Financial crises, world pandemics, climate change and online hate speech are just a few examples of the complex social and economic problems that governments have faced in the last decades. To address these challenges, regulatory governance has been consolidated as the dominant paradigm of government intervention, relying heavily on rules and standards to “steer” the economic or social activity, rather than “rowing” to provide economic and social welfare. This form of governance has at its core the institutional milestone of granting political independence to expert bureaucratic bodies, as well as endowing them with significant statutory capacities. How do these systemic governance features affect regulation and the relationship between regulatory policies and their outcomes? In this course, students will learn a comprehensive approach to analysing regulatory polices based on the study of the inputs, outputs and expected outcomes of policy interventions. Throughout the course, students will acquire a practical understanding of the suitability of regulatory policies by placing them within the broader political economy of a state or region. The course will provide students with theoretical skills to analyse policies across the spectrum of the regulatory process (e.g. rulemaking, supervision, enforcement, dispute resolutions, etc.), enabling them to assess what should be expected from the impact of a certain regulatory policy on a particular context.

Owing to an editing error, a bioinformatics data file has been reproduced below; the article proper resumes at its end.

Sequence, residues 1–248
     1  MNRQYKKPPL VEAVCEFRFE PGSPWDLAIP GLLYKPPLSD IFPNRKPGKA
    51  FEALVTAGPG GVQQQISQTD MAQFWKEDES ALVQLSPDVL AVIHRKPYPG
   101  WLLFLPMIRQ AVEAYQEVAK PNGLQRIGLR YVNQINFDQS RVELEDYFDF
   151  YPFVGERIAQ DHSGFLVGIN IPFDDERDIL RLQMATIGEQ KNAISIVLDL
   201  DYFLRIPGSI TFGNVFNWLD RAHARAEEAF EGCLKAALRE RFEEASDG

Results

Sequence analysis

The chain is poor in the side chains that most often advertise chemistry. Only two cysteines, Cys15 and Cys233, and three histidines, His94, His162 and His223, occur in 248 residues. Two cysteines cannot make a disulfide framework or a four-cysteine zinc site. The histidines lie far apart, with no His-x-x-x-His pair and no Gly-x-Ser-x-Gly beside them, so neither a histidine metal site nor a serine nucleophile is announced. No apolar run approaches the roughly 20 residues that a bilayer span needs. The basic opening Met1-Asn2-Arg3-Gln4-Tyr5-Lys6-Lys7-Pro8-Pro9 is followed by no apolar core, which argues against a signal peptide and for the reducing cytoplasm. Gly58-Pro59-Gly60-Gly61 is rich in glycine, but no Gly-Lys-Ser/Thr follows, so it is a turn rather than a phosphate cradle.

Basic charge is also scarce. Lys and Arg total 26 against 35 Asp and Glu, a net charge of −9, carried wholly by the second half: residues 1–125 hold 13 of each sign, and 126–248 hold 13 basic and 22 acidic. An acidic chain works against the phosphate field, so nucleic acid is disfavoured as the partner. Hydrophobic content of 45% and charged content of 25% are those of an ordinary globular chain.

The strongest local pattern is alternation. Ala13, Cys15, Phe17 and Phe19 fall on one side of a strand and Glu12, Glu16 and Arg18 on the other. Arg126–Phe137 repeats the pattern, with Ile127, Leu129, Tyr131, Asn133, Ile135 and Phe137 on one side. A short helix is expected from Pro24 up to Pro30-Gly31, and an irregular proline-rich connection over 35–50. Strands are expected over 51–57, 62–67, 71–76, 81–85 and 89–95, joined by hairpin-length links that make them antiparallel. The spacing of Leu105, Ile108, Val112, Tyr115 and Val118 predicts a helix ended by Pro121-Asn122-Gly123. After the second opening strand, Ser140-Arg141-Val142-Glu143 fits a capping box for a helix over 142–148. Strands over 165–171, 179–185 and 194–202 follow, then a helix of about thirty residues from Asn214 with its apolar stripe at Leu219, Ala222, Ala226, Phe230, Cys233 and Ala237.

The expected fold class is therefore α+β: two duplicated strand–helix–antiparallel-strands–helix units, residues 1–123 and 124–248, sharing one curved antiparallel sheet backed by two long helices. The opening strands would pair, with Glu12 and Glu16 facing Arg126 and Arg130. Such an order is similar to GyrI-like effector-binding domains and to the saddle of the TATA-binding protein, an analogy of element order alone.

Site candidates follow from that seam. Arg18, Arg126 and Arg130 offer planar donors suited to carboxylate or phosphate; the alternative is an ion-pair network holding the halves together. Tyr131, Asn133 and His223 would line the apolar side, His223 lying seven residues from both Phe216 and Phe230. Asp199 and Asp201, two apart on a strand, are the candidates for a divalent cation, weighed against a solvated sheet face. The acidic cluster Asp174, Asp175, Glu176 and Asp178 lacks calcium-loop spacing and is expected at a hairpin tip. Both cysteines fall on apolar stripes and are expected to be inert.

This course is for 2nd year MIA and MPP students only.